17 September 2014

just another photograph


In the year 1760


There are but few French & Indian War era sites this far south and the opportunity to participate in an event of that period is not to be missed when it is only four hours away.

Edited from Wikipedia:
"Fort Loudoun was a British colonial-era fort located in what is now Monroe County, Tennessee, United States. Built in 1756 and 1757 to help garner Cherokee support for the British at the outset of the Seven Years' War, the fort was one of first significant British outposts west of the Appalachian Mountains. It was named for the Earl of Loudoun, the commander of British forces in North America at the time.
Relations between the garrison of Fort Loudoun and the local Cherokee inhabitants were initially cordial, but soured in 1758 due to hostilities between Cherokee fighters and European settlers in Virginia and South Carolina. After the massacre of several Cherokee chiefs who were being held hostage at Fort Prince George, the Cherokee laid siege to Fort Loudoun in March 1760. The fort's garrison held out for several months, but diminishing supplies forced its surrender in August 1760. Hostile Cherokees attacked the fort's garrison as it marched back to South Carolina, killing more than two dozen and taking most of the survivors prisoner."

The original site is now underwater thanks to "the Tennessee Valley Authority's construction of Tellico Dam at the mouth of the Little Tennessee River in the 1960... At a contentious public meeting on the proposed dam in 1964, legendary local judge Sue K. Hicks, the Fort Loudoun Association's president, engaged in a verbal altercation with TVA Chairman Aubrey Wagner.[12] TVA eventually agreed to fund the raising and reconstruction of the fort. The agency also funded extensive archaeological excavations at the site..."

The new location is near the original and the fort is accurately reconstructed since there was a plethora of documentation and artifacts. On a hill surrounded by the lake on three sides, the site couldn't be more beautiful. There is a small but choice museum displaying a fractions of the thousands of artifacts from the original fort.




The weather at this annual event, according to those experienced, is always hot and so it was: 97F and 93F respectively. Under three layers of 18th century garment, it was beyond toasty. 

 
I must admit that the over-riding incentive to attend these events is independent of the place and totally revolves around seeing my reenactor friends. Definitely true of this event. My friends Lisa and Carroll leaned on me to attend and others such as Paul and Allen, showed up as well. Fort Loudon's Trade Fair merchants are pretty spotty (sayeth ye snob) but the entertainment is first rate live music and comedy. I was encamped with Dennis & Barbara Duffy who are long time 18th century musicians and singers of high repute. The camp life was augmented by both their music and hospitality and I count them among the rare category of "new friends."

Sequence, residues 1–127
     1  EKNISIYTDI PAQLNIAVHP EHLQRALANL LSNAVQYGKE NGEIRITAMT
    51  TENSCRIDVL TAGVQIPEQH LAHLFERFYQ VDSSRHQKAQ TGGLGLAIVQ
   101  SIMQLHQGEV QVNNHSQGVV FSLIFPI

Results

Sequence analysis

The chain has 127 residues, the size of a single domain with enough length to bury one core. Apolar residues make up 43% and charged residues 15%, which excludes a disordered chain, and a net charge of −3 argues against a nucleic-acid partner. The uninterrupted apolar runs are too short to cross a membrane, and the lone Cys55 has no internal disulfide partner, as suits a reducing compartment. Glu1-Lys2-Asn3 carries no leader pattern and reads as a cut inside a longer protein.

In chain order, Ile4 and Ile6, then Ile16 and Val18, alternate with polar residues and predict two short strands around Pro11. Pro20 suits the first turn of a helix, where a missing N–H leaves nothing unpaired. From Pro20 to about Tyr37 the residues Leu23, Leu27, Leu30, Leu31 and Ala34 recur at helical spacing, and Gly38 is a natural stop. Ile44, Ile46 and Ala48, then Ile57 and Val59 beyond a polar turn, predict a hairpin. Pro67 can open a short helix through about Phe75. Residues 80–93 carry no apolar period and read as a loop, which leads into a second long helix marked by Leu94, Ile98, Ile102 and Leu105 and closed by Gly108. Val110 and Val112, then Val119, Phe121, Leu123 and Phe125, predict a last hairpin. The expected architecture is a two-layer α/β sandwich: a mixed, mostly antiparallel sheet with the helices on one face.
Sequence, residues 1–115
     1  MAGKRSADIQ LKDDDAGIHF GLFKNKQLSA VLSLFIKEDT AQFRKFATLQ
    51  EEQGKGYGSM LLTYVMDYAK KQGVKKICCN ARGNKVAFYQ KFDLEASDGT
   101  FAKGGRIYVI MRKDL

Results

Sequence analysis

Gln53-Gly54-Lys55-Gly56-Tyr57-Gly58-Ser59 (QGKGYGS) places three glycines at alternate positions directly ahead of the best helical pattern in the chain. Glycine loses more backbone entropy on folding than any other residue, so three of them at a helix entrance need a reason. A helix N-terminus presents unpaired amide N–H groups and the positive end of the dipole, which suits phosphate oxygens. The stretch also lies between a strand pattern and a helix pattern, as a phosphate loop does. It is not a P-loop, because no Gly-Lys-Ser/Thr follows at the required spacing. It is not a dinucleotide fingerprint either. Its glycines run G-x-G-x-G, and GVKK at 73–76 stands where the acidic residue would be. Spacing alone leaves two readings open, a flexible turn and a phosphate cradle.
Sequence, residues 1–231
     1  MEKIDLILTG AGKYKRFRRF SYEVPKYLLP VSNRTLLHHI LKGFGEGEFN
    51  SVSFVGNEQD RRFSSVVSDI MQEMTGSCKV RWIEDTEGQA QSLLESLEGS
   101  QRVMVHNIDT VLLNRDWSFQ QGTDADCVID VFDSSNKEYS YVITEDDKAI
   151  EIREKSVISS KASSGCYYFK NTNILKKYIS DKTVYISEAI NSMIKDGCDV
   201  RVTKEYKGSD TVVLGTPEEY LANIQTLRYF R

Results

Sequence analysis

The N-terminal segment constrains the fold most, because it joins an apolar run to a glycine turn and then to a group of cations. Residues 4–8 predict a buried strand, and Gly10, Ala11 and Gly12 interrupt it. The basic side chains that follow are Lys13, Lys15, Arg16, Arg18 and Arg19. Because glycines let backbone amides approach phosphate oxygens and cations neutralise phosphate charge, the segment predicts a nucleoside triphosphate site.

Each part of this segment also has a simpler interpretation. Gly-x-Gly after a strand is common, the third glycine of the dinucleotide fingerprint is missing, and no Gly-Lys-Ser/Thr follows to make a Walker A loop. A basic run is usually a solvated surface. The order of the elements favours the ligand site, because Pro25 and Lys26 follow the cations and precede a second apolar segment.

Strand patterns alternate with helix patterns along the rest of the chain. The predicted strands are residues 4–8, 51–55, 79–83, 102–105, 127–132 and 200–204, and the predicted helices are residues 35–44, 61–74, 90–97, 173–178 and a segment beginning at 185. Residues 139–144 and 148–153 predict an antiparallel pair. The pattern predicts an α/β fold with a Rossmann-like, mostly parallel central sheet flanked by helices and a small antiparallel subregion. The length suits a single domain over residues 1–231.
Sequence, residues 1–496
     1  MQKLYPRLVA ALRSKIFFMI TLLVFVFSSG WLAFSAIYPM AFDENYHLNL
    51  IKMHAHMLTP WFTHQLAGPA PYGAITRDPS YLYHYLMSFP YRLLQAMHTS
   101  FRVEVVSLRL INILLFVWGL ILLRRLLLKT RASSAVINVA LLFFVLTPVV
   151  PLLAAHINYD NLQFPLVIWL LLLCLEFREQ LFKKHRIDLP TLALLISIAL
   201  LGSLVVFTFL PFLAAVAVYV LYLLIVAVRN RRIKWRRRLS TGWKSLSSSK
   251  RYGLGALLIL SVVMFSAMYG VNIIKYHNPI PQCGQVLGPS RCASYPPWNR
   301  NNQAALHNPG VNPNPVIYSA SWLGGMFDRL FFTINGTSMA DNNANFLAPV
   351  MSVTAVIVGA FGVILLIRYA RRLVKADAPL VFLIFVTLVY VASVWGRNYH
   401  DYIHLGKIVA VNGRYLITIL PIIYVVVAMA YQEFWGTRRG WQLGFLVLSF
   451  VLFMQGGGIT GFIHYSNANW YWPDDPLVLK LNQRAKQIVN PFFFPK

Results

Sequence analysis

All those camped in that area were 18th century foodies and I was just a camp dog, enjoying all the varied repasts presented by my fellow campers, bless 'em. Carroll always cooks a feast one night to feed the multitudes and it was off the chart fine, supplemented by pots and bowls of food by others. Oh what a delight!




I need nothing in life but health and friends.


12 September 2014

Summer temperatures

Below are the official statistics from the National Weather Service in Blacksburg, Virginia:

* Blacksburg, Bluefield, and Lewisburg never had a 90 degree day the entire summer!
* Roanoke has had more 90-degree days in September (2) than they had in August (1)!



July 2, 2014 - One of the hottest days of the year for most locations in the Blacksburg CWA.
Danville - 97
Roanoke - 96
Lynchburg - 94
Lewisburg - 89
Blacksburg - 89
Bluefield - 86

The only two uncomfortably hot spells at Stratheden this summer were the last few days of June continuing into early July and early September. They were stinking hot, humid and still with even the nights being uncomfortable and lows sometimes as high as 70F.

There is a fine fog at the moment (6:40 p.m.), a function of a fresh cold front which began its passage yesterday. The forecast low for tomorrow night is 53F. Some species of trees began changing into their autumnal wardrobe a fortnight ago despite the heatwave - these cool temperatures may accelerate the action and bring a very early fall. Hopefully the colors will be brilliant and long lasting. Stay tuned.



10 September 2014

Impending Storm

Several friends have emboldened me to post more of my 'arty' photographs herein. Some will have been posted on my FaceBook page and I apologize in advance for those who read it, too.

This was taken a month or so ago about two miles from the farm at the terminus of Canning Factory Road.

Please click on it to see it at the proper size. May it bring you visual joy.


05 September 2014

More Cats

MommaKat and her litter came into the household as fosters for the Santa Fe Humane Society eight years ago, nearly nine.In theory, all the felines were to be returned to the shelter when either two months old or two pounds. MommaKat was still thoroughly feral and had never allowed a human closer than about eight feet - they would have 'euthanized' her as unadoptable had she been returned.

In the meantime, as the 60 days passed, two male kittens really shone in terms of personality, the big guy and the ginger colored brother. Well, as far as the shelter was concerned, those two just didn't survive. Hah! Grover grew to 19 pounds and Chetworth Del Gato to more than 17 of unadulterated lean cat muscle. MommaKat was a superb mother and empowered her babies with all the skills they would need to prosper in the world.